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Administration Console Online Help
In the JDBC area of the Administration Console, you can configure and monitor JDBC components, including Connection Pools, MultiPools, and Data Sources. The following sections provide guidelines for configuring and managing database connectivity through the JDBC components for both local and distributed transactions:
Creating and Deploying JDBC Components—Connection Pools, MultiPools, and Data Sources
Using the Administration Console, you create the JDBC components—connection pools, Data Sources, and MultiPools—by specifying attributes and database properties and then deploy them to servers and clusters by selecting targets.
Figure 10-1 JDBC Components in WebLogic Server
First you create the connection pools (and optionally, MultiPools) and deploy them to servers and clusters, then you create the Data Sources which are bound to the JNDI tree, and deploy the Data Sources to the same servers and clusters. When you create a Data Source object, you specify a connection pool or MultiPool as one of the Data Source attributes. This associates that Data Source with one specific connection pool or MultiPool ("pool").
When you target Data Sources and pools, you should target the Data Source and its related pool to the same servers and clusters. Some common scenarios are as follows:
You can target Data Source/connection pool combinations to more than one server or cluster, but they must be targeted in combination. For example, you cannot target a Data Source to Managed Server A if its associated connection pool is assigned only to Managed Server B.
JDBC Objects in a Cluster
WebLogic Server allows you to cluster JDBC objects, including data sources, connection pools and MultiPools, to improve the availability of cluster-hosted applications. Each JDBC object you configure for your cluster must exist on each managed server in the cluster—when you configure the JDBC objects, target them to the cluster.
For information about JDBC objects in a clustered environment, see "JDBC Connections" in Using WebLogic Server Clusters.
JDBC Configuration Guidelines
To set up JDBC connectivity, you configure connection pools, Data Source objects (always recommended, but optional in some cases), and MultiPools (optional) by defining attributes in the Administration Console or, for dynamic connection pools, in application code or at the command line.
There are three types of transaction scenarios:
You configure Data Source objects (DataSources and TxDataSources), connection pools, and MultiPools according to the way transactions are handled in your system. The following table summarizes how to configure these objects for use in the three transaction scenarios:
Select Emulate Two-Phase Commit for non-XA Driver (set enable two-phase commit=true) See Configuring Non-XA JDBC Drivers for Distributed Transactions and Emulating Two-Phase Commit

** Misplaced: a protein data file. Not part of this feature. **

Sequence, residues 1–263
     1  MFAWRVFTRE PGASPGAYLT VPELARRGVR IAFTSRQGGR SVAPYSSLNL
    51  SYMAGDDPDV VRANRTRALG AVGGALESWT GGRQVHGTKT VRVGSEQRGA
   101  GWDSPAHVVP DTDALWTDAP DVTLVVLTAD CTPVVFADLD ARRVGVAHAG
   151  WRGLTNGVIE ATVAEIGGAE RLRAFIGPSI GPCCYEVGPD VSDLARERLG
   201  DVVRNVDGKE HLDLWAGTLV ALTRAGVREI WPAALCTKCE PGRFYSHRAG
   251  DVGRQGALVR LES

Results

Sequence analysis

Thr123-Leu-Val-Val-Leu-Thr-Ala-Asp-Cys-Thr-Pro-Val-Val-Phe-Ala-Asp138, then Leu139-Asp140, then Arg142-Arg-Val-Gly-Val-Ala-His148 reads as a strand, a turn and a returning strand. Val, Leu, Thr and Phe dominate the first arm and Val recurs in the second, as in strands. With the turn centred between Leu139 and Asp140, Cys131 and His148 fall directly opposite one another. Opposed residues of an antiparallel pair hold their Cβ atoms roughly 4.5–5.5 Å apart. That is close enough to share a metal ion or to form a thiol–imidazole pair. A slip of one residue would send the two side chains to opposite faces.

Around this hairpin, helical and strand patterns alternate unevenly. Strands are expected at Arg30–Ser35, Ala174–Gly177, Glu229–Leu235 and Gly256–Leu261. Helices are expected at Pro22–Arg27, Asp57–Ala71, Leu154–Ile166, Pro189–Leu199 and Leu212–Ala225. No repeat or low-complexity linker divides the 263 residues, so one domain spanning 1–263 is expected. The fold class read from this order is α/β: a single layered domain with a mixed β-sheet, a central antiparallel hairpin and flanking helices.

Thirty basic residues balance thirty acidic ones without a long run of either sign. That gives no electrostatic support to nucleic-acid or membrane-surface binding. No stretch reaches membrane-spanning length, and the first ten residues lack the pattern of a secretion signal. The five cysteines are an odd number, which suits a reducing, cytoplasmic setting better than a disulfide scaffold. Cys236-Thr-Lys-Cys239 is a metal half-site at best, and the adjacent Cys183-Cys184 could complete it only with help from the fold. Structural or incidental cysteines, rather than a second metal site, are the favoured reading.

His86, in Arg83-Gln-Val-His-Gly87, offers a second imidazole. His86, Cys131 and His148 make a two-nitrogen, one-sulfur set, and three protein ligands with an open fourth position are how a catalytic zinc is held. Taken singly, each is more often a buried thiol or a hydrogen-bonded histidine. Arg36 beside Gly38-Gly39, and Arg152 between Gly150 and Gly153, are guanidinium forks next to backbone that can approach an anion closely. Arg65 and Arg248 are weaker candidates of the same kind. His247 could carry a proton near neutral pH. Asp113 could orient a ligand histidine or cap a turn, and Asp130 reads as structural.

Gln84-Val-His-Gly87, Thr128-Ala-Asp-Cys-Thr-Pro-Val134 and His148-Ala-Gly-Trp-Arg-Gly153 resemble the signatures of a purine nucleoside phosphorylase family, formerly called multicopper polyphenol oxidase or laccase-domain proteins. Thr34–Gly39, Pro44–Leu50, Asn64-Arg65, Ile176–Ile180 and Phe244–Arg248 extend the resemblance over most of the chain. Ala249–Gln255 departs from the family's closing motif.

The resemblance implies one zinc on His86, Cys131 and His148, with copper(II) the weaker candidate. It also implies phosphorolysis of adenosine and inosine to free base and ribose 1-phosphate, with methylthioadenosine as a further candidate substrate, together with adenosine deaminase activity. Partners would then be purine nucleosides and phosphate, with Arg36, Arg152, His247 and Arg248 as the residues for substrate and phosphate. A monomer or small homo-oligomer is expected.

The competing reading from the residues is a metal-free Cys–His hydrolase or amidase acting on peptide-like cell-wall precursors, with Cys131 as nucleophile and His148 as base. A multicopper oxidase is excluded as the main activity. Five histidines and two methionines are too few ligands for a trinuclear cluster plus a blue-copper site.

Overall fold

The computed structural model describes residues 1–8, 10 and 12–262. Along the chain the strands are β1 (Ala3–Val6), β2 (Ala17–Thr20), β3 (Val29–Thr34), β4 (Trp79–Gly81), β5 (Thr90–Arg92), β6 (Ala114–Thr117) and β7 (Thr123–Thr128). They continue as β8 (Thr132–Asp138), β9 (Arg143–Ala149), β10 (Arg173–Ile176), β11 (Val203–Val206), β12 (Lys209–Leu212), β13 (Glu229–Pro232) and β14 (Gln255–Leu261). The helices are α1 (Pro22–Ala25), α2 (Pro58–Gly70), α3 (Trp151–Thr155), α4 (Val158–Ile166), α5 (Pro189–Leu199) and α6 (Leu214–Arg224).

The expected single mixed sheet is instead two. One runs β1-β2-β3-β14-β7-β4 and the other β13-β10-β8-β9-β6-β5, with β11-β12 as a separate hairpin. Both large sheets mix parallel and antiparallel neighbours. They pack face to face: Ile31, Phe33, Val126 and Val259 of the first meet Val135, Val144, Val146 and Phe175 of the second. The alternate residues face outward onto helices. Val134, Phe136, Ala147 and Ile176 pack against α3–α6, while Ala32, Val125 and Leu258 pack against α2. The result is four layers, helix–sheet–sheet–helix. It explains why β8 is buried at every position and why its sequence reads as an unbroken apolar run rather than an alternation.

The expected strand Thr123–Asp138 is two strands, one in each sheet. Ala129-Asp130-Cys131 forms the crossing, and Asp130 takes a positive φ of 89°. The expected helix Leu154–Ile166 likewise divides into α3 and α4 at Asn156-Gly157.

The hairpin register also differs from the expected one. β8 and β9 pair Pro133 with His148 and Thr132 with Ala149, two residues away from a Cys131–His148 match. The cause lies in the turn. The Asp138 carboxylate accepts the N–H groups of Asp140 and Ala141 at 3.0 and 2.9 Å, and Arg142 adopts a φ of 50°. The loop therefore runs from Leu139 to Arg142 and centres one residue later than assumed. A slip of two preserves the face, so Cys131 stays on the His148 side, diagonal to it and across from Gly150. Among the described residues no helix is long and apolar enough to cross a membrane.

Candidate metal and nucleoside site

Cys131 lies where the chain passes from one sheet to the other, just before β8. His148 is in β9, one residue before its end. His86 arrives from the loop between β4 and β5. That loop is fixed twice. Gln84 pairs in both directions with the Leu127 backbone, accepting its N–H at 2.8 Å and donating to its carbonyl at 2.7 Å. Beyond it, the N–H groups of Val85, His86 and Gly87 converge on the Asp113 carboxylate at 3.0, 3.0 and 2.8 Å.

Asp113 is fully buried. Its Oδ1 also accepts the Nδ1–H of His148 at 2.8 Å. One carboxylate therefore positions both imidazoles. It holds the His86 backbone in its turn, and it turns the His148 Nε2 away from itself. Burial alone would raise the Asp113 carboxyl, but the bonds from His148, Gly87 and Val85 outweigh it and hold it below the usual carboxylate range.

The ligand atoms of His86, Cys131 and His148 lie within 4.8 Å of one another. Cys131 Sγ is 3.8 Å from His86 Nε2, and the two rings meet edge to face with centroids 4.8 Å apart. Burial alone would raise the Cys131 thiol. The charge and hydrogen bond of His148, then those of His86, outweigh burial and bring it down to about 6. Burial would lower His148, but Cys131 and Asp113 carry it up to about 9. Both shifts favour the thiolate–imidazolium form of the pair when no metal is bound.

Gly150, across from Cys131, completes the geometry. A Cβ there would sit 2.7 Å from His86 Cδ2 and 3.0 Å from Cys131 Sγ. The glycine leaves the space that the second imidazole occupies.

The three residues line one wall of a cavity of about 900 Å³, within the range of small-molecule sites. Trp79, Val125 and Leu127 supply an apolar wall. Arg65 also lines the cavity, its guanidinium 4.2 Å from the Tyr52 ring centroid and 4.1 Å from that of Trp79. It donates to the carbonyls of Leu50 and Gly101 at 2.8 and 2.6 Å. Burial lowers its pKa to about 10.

Note: For distributed transactions, use an XA-compliant driver, such as the WebLogic jDriver for Oracle/XA, which is the XA compliant version of the WebLogic jDriver for Oracle.
Overview of JDBC Administration
The Administration Console provides an interface to the tools that allow you to configure and manage WebLogic Server features, including JDBC (Java database connectivity). For most JDBC administrative functions, which include creating, managing and monitoring connectivity, systems administrators use the Administration Console or the command-line interface. Application developers may want to use the JDBC API or the WebLogic Management API.
Frequently performed tasks to set and manage connectivity include:
About the Administration Console
Your primary way to set and manage JDBC connectivity is through the Administration Console. Using the Administration Console, you set up persistent connectivity—connection pools, Data Sources, and Multipools that are available even after you stop and restart the server. These JDBC objects are known as static objects. You can create dynamic objects—objects that you expect to use and then remove—with the administration command line or in application code.
In addition to setting connectivity, the Administration Console allows you to manage and monitor established connectivity.
The JDBC drivers, used locally and in distributed transactions, interface with many WebLogic Server components and information appears in several documents. For example, information about JDBC drivers is included in the documentation sets for JDBC, JTA, and WebLogic jDrivers.
The following sections list Related Topics resources for JDBC, JTA, and Administration:
Administration and Management
JDBC and WebLogic jDrivers
The following documentation is written primarily for application developers. Systems Administrators may want to read the introductory material as a supplement to the material in this document.
The following documentation is written primarily for application developers. Systems Administrators may want to read the following as supplements to the material in this section.